community gardens

Gardeners Say Access to Water Limited by New Chicago Rules

Community gardeners have often relied on hydrants for water, but say the new rules are impacting their ability to retrieve it

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The cost to operate community gardens in Chicago is getting more expensive.  The result is more difficulty accessing water and more abandoned garden plots, according to the gardeners.

Community gardeners have often relied on city hydrants on a temporary basis to provide water for their vegetables.  The process required a city permit that typically cost several hundred dollars.

This year however, the city’s Department of Water Management has begun to require the use of a backflow prevention valve to receive a permit to use a hydrant.

According to Advocates for Urban Agriculture (AUA), the total cost of acquiring, installing and certifying a Reduced Pressure Zone (RPZ) unit is approximately $1,500.

“It’s made the experience a lot more challenging for growers throughout the city and now it’s coming with a significant cost as well,” said AUA executive director Sean Ruane.

Ruane estimates that there are more than one thousand community gardens across the city.

“The city needs to recognize that this is a huge shift from the previous policy and that they need to work with us and growers and with other food system partners to make sure that these new costs and these new administrative barriers are meeting growers half way so that they can actually access this water and continue to run their operations,” Ruane said.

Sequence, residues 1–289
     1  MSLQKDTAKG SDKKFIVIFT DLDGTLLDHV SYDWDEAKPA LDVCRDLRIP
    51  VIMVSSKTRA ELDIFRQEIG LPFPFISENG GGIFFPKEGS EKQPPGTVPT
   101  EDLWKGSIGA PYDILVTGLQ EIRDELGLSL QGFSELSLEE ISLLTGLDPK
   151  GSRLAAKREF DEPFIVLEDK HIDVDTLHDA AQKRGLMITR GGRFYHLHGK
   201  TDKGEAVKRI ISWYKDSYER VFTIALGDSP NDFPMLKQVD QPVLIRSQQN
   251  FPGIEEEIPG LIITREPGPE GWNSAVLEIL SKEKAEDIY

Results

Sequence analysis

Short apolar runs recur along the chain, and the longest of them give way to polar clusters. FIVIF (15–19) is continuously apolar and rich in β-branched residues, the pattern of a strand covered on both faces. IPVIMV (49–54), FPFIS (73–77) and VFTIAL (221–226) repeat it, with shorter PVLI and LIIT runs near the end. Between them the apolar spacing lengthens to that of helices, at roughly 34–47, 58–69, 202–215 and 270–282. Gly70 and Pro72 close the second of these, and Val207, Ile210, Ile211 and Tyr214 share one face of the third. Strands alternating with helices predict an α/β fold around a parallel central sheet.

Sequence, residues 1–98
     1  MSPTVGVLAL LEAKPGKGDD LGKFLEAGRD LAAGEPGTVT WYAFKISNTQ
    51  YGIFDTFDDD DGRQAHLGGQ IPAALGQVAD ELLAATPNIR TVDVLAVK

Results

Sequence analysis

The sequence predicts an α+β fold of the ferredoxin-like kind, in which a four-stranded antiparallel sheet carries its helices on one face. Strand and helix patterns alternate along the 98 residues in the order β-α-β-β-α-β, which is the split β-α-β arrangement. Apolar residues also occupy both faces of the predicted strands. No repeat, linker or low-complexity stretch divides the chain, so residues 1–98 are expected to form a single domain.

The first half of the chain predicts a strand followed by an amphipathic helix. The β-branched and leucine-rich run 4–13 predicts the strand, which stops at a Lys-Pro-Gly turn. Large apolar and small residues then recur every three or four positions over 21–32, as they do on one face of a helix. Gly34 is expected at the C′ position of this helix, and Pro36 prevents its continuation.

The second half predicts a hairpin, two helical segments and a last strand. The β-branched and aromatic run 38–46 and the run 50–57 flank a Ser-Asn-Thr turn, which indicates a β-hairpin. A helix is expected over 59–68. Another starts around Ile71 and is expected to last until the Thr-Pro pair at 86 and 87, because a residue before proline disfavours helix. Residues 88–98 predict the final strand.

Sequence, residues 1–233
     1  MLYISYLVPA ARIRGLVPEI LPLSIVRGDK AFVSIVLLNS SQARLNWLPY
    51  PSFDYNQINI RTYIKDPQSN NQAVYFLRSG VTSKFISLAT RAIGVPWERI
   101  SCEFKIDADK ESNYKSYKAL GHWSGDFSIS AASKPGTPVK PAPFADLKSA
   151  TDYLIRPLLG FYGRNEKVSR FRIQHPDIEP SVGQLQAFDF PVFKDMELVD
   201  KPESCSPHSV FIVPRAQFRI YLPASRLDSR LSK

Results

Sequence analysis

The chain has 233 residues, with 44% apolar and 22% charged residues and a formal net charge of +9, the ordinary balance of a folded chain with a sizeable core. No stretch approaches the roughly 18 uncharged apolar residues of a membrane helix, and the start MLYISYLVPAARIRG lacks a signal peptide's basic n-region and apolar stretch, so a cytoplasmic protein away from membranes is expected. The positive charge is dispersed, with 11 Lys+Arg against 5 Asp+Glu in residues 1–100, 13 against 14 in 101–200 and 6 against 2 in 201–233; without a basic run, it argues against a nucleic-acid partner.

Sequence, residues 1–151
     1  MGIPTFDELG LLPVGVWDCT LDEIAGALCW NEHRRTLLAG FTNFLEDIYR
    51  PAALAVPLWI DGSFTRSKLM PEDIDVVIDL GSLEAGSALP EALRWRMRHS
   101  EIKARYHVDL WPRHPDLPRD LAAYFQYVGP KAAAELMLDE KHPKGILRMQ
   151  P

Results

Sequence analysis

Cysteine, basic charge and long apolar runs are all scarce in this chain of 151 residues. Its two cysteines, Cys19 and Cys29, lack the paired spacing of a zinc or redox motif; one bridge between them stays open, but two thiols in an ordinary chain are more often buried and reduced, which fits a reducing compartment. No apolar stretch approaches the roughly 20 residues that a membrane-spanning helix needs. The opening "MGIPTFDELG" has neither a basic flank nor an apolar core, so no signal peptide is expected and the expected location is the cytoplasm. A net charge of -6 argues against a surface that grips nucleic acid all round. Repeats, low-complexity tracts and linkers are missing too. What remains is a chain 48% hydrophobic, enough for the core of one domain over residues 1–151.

The Peterson Garden Project operates several community gardens across Chicago.  Organizers were recently granted permits to install and operate RPZ units on nearby fire hydrants.

However, member gardeners say their access to the water has been limited.

“A RPZ unit has to be attached to the hydrant each time the troughs need to be filled.  It can’t be left on because they are stolen almost immediately,” said Rebecca Rico, executive director of the Peterson Garden Project. 

Rico said unlike previous years when a hose was connected to a hydrant all season, if water runs out or a gardener misses their shift, then there is no water until the next volunteer arrives to attach the valve on the hydrant.

A spokesperson for the Department of Water Management said the changes were made to protect public health and prevent any cross-contamination from an open hydrant into the city's water system.

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